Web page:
The Crown Bar is a beautifully appointed room with a wide bar and dramatic lighting.  This room features Martini’s recent releases, where you can sip some of your old favorites such as the Sonoma and Napa Cabernet Sauvignons.  We have nothing against these wines and have often bought them, but when we go wine tasting, we prefer to focus on the reserve wines.  These are served in the Heritage Lounge.

The Heritage Lounge

This room is also expansive and is furnished like an assemblage of living and dining rooms.  All tastings are seated.  Here you can taste the Monte Rosso vintages as well as Martini’s top wine called Lot No. 1, sourced from various vineyards around Napa Valley.  It is pure Cabernet Sauvignon and is twice as expensive as any of their other wines.  It is well worth tasting, but we will leave it to your tastes as to whether it is better than the Monte Rosso Cabernet Sauvignon.

The new tasting room replaces a rather nice but more modest one on the same property, which in turn replaced the working winery where one tasted in the more distant past.  Our server told us that they refer to the new tasting room as Louis M. Martini 2.0, referring to their new tasting facility.  We reminded her that Louis M. Martini goes back to the 1920’s, so no, it is 3.0.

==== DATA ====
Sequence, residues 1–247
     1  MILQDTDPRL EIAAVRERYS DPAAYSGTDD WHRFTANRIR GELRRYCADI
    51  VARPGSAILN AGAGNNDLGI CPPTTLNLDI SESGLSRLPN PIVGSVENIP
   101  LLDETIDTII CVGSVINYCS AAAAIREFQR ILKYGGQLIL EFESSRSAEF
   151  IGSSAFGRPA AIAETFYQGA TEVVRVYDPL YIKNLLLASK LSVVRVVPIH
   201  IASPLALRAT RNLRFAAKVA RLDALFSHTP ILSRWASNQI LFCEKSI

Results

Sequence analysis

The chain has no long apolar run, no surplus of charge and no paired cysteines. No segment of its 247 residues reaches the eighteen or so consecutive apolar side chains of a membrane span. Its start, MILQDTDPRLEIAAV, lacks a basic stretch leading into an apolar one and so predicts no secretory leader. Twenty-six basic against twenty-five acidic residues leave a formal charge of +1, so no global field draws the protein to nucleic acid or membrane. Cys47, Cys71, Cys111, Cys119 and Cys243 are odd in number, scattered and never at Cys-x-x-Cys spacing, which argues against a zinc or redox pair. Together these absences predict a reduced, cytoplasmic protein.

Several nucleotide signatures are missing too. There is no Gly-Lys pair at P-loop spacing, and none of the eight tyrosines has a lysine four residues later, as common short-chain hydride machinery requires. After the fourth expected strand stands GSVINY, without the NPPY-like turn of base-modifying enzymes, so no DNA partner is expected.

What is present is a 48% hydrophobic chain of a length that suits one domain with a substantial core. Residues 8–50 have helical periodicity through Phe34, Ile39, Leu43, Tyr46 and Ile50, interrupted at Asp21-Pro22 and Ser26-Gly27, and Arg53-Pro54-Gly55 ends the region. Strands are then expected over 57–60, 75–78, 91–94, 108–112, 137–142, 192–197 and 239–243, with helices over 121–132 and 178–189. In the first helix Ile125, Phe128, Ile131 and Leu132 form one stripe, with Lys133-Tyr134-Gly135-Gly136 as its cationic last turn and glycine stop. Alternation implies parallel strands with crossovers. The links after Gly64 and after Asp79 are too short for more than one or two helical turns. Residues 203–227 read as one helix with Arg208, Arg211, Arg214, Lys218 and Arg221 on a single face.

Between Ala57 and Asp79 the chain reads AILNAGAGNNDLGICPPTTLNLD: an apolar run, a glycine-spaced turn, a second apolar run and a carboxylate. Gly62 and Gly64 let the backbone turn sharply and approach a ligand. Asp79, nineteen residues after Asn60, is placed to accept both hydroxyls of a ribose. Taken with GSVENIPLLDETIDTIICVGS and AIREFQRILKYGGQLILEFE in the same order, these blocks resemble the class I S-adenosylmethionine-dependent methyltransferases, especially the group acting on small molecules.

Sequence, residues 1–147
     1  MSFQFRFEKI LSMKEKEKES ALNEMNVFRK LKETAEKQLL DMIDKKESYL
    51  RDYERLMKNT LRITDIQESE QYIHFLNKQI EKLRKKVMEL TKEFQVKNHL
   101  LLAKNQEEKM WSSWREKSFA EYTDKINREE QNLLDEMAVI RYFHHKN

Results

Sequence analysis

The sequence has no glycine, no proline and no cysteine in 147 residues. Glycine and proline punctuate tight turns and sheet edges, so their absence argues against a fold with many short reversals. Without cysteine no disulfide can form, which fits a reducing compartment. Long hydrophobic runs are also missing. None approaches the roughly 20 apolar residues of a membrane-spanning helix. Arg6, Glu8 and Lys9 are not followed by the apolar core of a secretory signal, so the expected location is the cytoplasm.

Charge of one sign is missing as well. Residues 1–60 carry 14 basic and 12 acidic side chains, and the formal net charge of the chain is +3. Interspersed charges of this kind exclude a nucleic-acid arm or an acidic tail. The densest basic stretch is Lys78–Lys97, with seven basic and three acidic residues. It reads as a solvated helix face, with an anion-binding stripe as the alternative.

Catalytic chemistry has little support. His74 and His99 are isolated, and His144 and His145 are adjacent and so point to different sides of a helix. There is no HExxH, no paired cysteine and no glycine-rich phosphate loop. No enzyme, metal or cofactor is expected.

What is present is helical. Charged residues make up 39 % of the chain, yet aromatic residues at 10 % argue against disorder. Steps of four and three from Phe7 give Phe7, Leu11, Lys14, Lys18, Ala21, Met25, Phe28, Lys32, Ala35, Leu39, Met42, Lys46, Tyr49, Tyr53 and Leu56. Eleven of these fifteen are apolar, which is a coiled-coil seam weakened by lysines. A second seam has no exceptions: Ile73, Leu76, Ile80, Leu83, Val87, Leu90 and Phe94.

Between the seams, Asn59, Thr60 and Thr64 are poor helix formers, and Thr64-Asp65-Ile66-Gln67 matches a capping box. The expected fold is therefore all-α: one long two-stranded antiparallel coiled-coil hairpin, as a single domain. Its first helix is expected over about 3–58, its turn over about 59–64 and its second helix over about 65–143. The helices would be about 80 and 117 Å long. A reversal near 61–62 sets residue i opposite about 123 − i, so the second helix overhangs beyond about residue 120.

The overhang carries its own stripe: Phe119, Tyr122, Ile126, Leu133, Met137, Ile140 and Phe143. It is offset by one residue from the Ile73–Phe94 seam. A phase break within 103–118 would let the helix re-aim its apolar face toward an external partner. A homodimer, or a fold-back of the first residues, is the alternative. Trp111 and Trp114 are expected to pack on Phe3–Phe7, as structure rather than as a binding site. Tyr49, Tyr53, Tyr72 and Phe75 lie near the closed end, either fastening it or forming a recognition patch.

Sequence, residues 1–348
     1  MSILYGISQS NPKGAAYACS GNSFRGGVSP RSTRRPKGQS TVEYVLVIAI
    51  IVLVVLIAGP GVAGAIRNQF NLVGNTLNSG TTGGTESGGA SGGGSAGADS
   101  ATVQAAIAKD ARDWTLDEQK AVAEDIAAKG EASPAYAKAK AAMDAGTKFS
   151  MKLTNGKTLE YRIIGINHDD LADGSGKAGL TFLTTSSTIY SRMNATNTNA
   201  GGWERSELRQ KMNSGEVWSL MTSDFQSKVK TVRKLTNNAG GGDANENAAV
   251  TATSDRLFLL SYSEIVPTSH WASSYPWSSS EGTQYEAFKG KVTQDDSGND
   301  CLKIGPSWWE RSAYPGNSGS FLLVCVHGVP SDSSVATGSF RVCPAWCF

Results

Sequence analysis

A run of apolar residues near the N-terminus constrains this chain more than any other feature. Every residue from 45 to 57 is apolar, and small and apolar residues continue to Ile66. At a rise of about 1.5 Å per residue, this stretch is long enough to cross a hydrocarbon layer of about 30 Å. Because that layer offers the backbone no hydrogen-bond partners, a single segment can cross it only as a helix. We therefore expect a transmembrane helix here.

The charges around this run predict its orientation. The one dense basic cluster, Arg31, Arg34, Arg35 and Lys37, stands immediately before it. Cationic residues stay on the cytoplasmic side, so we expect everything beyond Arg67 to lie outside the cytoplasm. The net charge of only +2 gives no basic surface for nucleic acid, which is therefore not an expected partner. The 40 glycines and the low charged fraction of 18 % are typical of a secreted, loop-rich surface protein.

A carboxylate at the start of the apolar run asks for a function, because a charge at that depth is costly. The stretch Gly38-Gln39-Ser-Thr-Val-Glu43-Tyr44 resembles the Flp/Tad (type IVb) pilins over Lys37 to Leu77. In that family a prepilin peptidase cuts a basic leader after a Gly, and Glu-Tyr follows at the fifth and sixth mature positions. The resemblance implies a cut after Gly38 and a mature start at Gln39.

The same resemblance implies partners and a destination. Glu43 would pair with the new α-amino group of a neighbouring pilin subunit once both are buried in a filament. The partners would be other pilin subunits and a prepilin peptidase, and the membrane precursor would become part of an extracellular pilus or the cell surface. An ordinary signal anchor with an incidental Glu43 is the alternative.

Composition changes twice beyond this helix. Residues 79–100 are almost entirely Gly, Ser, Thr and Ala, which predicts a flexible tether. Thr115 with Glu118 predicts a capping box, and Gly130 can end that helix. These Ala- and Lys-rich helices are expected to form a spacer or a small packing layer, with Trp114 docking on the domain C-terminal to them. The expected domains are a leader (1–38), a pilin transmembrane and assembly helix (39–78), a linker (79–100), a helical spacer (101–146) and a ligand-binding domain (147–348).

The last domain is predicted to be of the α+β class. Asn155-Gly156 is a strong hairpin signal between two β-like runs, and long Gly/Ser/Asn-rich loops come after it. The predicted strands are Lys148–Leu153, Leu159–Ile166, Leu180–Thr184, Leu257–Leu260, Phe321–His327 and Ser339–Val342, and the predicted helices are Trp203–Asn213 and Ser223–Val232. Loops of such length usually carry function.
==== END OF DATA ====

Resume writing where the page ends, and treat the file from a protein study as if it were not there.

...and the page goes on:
Tasting in Napa Valley – A Status Report

In the more than 40 years that we have been visiting Napa Valley, we’ve seen many changes.  Some have been for the better, some for the worse as would only be expected over such a long period of time.  Fortunately, some things will never change.  The mountains and the valley floor will always be beautiful, showing different characteristics as the seasons pass.  The earth will always support superb vines.  And, so we hope, those vines will be producing extraordinary wines for many years to come.